Second International Conference on Christian Persecution concludes in Budapest
More than 600 participants, from more than 40 countries, many years of hard work, patriarchs, cardinals, politicians, and the trust of millions of persecuted Christians from across the globe. "Protecting these persecuted Christians is our moral obligation, a cause which we must stand up for also on the international scene", the Minister heading the Prime Minister’s Office said on Thursday, on the last day of the international conference on Christian persecution, held in Budapest.
In the picture above you can see Habib-E.-Ephrem, Leader of the Lebanese-Syrian League as he is handing over a present of the holy Cross to Hungarian State Secretary for the Aid of Persecuted Christians Tristan Azbej to express gratitude for all that Hungary has done during the recent years for the persecuted Christians of the Middle East region.
As kormany.hu reports, after four days of intensive sharing on Thursday, on the last day of the Budapest international conference on Christian persecution, in his speech Gergely Gulyás, the Minister heading the Prime Minister’s Office said, “In order to succeed we need renewal both in public life and in academic life so that we have the strength, courage and wisdom to stand up for the persecuted. Protecting these Christians is our moral obligation, a cause which we must stand up for also on the international scene.”
He highlighted that in the 21st century “we will have the opportunity to stop all forms of Christian persecution, including bloody genocides and various forms of discrimination observed in Europe ever more frequently”.
The minister added that “we must return to free dialogue with everyone with good intentions”; people who believe that Christianity, human rights and freedom of conscience are important.
Gergely Gulyás pointed out that we also need renewal in religion. He said Europe has been “a missionary territory” for a long time, and “it seems that we are severing our Christian roots step by step”. “We believe that this process is not irreversible.”
He further mentioned that in recent years Hungary has attempted to take the first steps for helping persecuted Christians.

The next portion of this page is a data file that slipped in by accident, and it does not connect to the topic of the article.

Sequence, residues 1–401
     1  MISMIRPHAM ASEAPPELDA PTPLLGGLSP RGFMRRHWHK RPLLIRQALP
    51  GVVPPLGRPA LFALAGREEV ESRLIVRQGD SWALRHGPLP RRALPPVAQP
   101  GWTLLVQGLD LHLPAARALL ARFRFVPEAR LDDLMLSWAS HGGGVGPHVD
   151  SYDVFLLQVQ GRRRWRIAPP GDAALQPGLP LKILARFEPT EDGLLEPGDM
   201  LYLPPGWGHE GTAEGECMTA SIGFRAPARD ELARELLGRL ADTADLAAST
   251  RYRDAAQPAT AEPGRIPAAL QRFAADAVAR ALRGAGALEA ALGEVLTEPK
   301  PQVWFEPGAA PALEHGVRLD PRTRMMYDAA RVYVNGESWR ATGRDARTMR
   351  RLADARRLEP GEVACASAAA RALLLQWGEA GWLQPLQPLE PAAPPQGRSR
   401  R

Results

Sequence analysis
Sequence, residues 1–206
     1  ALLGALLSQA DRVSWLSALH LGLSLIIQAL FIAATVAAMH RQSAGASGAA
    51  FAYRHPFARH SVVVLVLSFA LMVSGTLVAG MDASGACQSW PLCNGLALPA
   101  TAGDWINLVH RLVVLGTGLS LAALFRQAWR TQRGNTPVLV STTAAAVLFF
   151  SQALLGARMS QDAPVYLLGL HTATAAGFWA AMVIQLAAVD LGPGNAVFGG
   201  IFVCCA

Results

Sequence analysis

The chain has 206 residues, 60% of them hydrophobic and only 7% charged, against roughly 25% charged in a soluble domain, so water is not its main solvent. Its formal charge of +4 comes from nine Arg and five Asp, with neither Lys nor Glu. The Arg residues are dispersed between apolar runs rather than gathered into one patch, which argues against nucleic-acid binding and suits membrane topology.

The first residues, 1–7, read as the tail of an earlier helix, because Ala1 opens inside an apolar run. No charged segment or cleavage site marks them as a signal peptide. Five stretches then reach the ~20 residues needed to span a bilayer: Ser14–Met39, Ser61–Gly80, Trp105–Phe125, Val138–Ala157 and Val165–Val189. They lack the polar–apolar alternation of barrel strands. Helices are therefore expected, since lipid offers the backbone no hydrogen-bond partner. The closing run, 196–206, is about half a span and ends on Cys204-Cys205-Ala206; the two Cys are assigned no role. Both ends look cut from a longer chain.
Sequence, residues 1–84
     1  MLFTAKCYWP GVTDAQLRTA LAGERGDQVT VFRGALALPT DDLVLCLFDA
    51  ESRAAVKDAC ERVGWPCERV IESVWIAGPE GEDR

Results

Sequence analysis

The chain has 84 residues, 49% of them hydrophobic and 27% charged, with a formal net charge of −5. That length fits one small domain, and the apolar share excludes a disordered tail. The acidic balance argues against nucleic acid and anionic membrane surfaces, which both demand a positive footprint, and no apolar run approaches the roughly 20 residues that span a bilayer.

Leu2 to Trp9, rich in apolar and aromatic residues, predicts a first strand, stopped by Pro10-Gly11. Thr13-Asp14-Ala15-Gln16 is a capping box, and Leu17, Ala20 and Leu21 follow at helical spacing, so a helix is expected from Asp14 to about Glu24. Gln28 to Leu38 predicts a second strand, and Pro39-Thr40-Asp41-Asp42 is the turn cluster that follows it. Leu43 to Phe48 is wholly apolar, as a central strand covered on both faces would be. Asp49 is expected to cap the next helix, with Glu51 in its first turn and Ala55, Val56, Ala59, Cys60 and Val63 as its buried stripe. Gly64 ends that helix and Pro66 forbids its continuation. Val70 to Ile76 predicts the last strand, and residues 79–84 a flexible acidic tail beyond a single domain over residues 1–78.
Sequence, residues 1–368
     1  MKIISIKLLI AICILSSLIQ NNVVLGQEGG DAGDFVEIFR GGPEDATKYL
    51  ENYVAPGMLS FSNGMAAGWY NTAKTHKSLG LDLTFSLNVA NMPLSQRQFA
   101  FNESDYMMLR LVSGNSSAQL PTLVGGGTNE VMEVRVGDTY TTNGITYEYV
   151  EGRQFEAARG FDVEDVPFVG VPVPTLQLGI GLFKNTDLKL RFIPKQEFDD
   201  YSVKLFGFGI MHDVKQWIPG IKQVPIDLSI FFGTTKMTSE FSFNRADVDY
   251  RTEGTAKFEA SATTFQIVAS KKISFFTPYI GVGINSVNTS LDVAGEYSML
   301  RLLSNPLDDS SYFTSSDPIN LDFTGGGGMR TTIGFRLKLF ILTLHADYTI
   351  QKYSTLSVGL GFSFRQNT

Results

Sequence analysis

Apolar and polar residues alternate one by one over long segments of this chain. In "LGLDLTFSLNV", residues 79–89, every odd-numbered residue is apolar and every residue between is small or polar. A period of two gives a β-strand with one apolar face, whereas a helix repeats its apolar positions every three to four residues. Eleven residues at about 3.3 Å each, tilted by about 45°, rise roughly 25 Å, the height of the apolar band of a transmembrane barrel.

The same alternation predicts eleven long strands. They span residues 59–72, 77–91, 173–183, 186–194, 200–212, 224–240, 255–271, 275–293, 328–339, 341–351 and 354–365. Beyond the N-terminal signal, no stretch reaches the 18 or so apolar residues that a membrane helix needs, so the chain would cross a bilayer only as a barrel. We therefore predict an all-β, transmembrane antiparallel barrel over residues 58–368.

“With this knowledge on the ground we can contribute to restarting the lives of entire communities,” not only with money, or schools and hospitals built or rebuilt from money, “but also with the hope that they can count on others,” the minister said.
The Hungary Helps Programme relies on people on the ground; in contrast to the prevalent international aid practice “we ourselves take help to the needy as it is better if the people concerned who are in a difficult situation tell us what they need and if we channel assistance to them directly,” Mr Gulyás added.
At the conference, Lóránd Újházi, senior lecturer of the National University of Public Service introduced the book Budapest Report on Christian Persecution 2019. He said the report compiled for the third time seeks to serve as a bridge between persecuted Christian communities, researchers of the topic and wider strata of society.
The four chapters of the book discuss general security policy issues in defence of Christians, legislative processes aimed at providing protection for Christians, the role of religious communities, and the methodological criteria used for investigating the topic, the editor of the publication said.
Writings in the first chapter provide a summary of violent acts recently committed against Christians, describing methods of Islamic State and Boko Haram. There are separate studies dedicated to the situation of Christians in Northern Iraq, North Korea, Sri Lanka, Africa, and more specifically Nigeria. The chapter also introduces the Hungary Helps Programme.
In the he picture above you can see probably one of the most popular priests in Hungary: Fr. Csaba Böjte. In his speeches he usually emphasises the power of love which, however, should manifest in acts. Brother Csaba – as everyone calls him – founded the Francis of Assisi in Deva Fund, which is a child supporting organization founded to help children living in poor conditions in Transylvania.
As for any closing thoughts it is difficult to make a choice. However, most of the 650 participants of the conference would agree to the following:
“The persecution of Christians is worse today than at any time in history. In terms of the numbers of people involved, the gravity of the acts committed, and their impact, not only are Christians more persecuted than any other faith group, but ever-increasing numbers are experiencing the worst forms of persecution.”